The small ACLS’s Committee on the Protection of Cultural Treasures in War Areas’ technical staff was aided by more than a hundred expert scholars, art historians, collectors, and artists, many of them refugees from Europe. They compiled lists and catalogues and prepared maps of the monuments, fine art objects, and archives to be protected in all theaters of war. This plan of mapping and indexing, though simple and effective in concept and use, called for great ingenuity and an enormous amount of patient detailed work in its preparation. A master index was set up covering each of the occupied countries and each of the provinces in that country, describing and mapping the edifices, works, and objects of art which might be encountered by the Allied armies. The lists of cultural treasures put together by the American Defense-Harvard Group were of invaluable assistance in this operation.

To obtain this information several thousands of questionnaires were sent out to officials and scholars of American art and educational-institutions asking for data on their recent research abroad. Guides of all kinds and special reference books were studied. The Smithsonian Institution, the National Archives, the American Library Association, the Library of Congress, and other institutions lent a hand with their files and staffs.

As the master index grew, it was checked and rechecked by the experts and the Committee’s specialists. Separate lists of churches, palaces and houses, monuments, and cultural institutions were compiled. As they were completed they were photostated and copies were forwarded to the War Department at Washington. Working from the information assembled in the master file, detailed maps of the principal cities, regions, and countries of all areas involved in the war were prepared for the use of Army ground and air forces. Objects to be protected were spotted in on a tracing overlay on the maps, many of which were supplied by the Army Map Service. The whole was photostated, and positive prints of each were sent to Washington. In addition, a negative photostat of each was transmitted to the Army Air Corps, thus permitting duplication to as great an extent as was necessary for the Service Forces. Reproduction of these photostatic maps was an extensive project in itself, supported by the Frick Art Reference Library and the Metropolitan Museum of Art.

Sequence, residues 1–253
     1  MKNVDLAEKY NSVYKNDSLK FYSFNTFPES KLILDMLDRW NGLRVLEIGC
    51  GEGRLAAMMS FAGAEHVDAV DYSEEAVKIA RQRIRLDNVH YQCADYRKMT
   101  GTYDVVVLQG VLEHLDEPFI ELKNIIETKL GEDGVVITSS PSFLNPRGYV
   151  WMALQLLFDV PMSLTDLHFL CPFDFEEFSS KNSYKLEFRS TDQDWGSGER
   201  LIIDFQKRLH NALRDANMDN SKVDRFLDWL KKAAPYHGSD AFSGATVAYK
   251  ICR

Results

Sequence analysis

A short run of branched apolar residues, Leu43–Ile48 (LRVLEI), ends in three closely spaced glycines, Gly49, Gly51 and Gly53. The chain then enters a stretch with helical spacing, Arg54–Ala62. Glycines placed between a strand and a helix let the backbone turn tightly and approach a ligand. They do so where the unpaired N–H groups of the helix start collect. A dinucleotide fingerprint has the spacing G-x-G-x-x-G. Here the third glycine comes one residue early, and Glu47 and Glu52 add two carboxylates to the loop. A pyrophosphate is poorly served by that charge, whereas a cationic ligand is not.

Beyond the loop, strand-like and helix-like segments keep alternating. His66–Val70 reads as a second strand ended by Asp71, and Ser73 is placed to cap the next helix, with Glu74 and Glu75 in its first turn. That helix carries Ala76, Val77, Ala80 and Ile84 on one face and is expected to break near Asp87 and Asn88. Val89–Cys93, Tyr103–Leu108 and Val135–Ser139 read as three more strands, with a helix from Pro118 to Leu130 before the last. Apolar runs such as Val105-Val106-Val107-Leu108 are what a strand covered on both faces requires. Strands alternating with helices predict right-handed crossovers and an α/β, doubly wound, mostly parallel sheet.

Maps of the most important areas were printed and bound up into atlases by the Provost Marshal General’s Office; these areas were Belgium, Denmark, France, Holland, Italy, Norway, Germany, and Japan.  In all, the War Department was supplied with comprehensive data on Albania, Austria, Belgium, Bulgaria, China, Czechoslovakia, Denmark, France, French Indochina, Germany, Greece, Hungary, Italy, Japan, Java, Korea, the Netherlands, Norway, the Philippines, Rumania, Sumatra, and Yugoslavia. The total number of these annotated maps was 786, created between July 1943 and April 1945. The files of cards used as preparatory material for these maps as well as the originals and negative arid positive photostatic copies were subsequently deposited with the Roberts Commission.

The Roberts Commission’s secondary goal was to recommend restitution principles and procedures to the State Department and to work with the War Department to implement them. Commission staff in London worked with a number of national and international agencies and commissions addressing the issue of restitution. Similarly the American Commission, through the ACLS Committee, had for some time been collecting such information as it could with regard to actual looting, but sources of information in this country were limited and almost entirely secondary.  A centralization of this sort of information seemed mandatory.  So, in April 1944 the Conference of Allied Ministers of Education in London established the Inter-Allied Commission for the Protection and Restitution of Cultural Materials (also known as the Vaucher Commission). This commission was one of the first entities to systematically collect and organize information regarding Nazi looting and destruction of art, artifacts, and cultural institutions.  Using as a nucleus the files prepared by Karol Estreicher on looted objects and on personnel concerned with looting, particularly in Poland, the Vaucher Commission proceeded to build a file on loot and enemy personnel involved in looting to which was added the file of information concerning loot and war damage compiled by the ACLS Committee in New York.  A system was established whereby the accessioning and filing in the two centers were made identical, and duplicates of the index cards in microfilm were interchanged between the United States and the Vaucher Commission.  Monuments, Fine Arts and Archives (MFA&A) officers used this information in their investigations.